Dr. Lee on Food, Disease and Obesity
Food For Thought: 9/6/18.
Diabetes: Dr. Lee, 1956
“Diabetes was practically unknown amongst the American Indian 50 years ago and the ordinary inhabitants of countries like rural China and rural India. It only used to occur in their wealthy citizens who live on the Western type of diet. The Metropolitan Life Insurance Company (Joslin), reports that while diabetes was the twenty-seventh cause of death in 1900, today it ranks close to third, after cancer and cardiovascular disease.”
It’s been 62 years since Dr. Lee made this statement in a public presentation, hoping his message would be understood. Both China and India were primarily agrarian culture 62 years ago, and both of these cultures were predominantly raising their own food and living on a natural organic diet at the time. As times have changed and the population has become more affluent, their diet has changed and obesity, diabetes, cancer and cardiovascular disease have increased and become one of their major concerns.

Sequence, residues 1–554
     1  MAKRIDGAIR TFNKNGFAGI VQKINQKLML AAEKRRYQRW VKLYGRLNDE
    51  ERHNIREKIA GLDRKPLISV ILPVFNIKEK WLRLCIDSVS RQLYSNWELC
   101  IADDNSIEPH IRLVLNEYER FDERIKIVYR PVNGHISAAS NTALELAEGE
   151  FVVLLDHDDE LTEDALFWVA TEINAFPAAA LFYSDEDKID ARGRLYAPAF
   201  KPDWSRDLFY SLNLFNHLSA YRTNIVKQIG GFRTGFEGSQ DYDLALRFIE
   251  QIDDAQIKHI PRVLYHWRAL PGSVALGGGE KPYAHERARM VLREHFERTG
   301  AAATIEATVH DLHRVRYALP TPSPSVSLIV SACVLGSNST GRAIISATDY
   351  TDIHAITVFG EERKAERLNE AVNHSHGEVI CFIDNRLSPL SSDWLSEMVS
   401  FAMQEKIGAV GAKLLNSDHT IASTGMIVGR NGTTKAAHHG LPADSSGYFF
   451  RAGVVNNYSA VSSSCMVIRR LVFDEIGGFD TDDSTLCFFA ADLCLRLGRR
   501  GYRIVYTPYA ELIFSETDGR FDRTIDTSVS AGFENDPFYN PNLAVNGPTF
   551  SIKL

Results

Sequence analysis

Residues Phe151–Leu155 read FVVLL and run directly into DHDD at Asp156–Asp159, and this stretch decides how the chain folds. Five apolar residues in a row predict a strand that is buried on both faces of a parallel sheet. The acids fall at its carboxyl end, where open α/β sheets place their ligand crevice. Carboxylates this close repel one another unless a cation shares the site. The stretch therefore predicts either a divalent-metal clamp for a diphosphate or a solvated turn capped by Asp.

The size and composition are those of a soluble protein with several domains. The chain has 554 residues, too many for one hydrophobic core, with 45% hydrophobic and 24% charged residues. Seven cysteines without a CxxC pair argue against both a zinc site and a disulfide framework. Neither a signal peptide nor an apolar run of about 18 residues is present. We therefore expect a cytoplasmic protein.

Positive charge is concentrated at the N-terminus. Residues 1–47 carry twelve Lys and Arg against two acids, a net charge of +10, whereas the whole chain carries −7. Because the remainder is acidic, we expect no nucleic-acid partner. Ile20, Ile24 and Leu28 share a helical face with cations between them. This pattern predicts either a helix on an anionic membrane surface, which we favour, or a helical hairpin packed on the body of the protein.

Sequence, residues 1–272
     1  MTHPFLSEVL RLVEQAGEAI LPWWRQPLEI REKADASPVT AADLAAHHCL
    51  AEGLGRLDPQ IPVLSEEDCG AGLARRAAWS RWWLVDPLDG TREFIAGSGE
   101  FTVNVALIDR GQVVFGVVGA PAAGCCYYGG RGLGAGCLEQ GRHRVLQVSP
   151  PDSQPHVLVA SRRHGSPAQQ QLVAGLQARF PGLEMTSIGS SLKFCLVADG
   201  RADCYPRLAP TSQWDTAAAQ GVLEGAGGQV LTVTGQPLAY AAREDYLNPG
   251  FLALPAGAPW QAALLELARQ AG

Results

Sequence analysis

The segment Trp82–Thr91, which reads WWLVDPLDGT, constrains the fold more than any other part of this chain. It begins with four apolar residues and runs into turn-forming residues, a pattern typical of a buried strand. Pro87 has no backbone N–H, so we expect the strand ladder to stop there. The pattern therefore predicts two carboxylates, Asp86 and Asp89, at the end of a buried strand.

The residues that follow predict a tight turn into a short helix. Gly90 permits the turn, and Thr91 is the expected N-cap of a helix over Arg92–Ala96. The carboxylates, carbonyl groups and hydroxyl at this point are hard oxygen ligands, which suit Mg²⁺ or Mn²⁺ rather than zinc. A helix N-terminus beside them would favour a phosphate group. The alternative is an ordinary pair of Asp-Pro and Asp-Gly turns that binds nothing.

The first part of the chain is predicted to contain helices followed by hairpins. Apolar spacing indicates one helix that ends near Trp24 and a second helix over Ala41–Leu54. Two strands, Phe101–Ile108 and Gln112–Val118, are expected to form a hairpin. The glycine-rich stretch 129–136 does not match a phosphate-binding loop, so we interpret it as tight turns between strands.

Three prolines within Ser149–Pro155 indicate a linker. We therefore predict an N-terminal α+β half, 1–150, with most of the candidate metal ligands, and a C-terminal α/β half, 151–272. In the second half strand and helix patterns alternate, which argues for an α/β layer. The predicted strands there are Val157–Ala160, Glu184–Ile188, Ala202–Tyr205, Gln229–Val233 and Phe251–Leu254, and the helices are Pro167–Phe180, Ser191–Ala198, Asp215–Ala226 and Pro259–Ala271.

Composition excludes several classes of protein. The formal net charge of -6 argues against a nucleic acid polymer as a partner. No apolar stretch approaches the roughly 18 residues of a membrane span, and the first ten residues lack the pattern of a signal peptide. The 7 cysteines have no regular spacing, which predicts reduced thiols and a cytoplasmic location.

Thus, several decades later, Dr. Lee’s point has proven all to true, because governments are influenced by dollars. One look at the food pyramid should explain the problem.
“Madness,” they say, “is doing the same thing over and over and expecting a different result.” In 1977, the U.S. federal government began officially recommending that its citizens eat more carbohydrates and less fat, prompting one popular nutritionist to quip, “I don’t trust the government to do government, why would I trust it to do nutrition?”
Unaware that the decision was based on no conclusive evidence, Americans dutifully complied, and in the past 30 years we have dramatically increased the percentage of calories we eat as carbohydrates and decreased the percentage we eat as fat.
|You might remember those food pyramids recommending refined carbohydrates as your “base” for healthy nutrition… Boy, would Dr. Lee have turned over in his grave.|
At the same time some other interesting trends—and by interesting I mean alarming and disturbing—have developed.